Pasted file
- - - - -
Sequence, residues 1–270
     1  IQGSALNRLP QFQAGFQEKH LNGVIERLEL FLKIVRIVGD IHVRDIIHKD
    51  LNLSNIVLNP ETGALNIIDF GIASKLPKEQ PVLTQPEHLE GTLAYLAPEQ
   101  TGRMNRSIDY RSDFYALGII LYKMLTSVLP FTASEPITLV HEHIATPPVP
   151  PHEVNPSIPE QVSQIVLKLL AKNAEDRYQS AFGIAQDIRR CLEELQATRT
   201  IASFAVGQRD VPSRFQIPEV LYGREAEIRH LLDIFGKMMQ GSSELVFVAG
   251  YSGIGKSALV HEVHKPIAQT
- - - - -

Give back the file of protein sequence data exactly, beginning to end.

Sequence, residues 1–270
     1  IQGSALNRLP QFQAGFQEKH LNGVIERLEL FLKIVRIVGD IHVRDIIHKD
    51  LNLSNIVLNP ETGALNIIDF GIASKLPKEQ PVLTQPEHLE GTLAYLAPEQ
   101  TGRMNRSIDY RSDFYALGII LYKMLTSVLP FTASEPITLV HEHIATPPVP
   151  PHEVNPSIPE QVSQIVLKLL AKNAEDRYQS AFGIAQDIRR CLEELQATRT
   201  IASFAVGQRD VPSRFQIPEV LYGREAEIRH LLDIFGKMMQ GSSELVFVAG
   251  YSGIGKSALV HEVHKPIAQT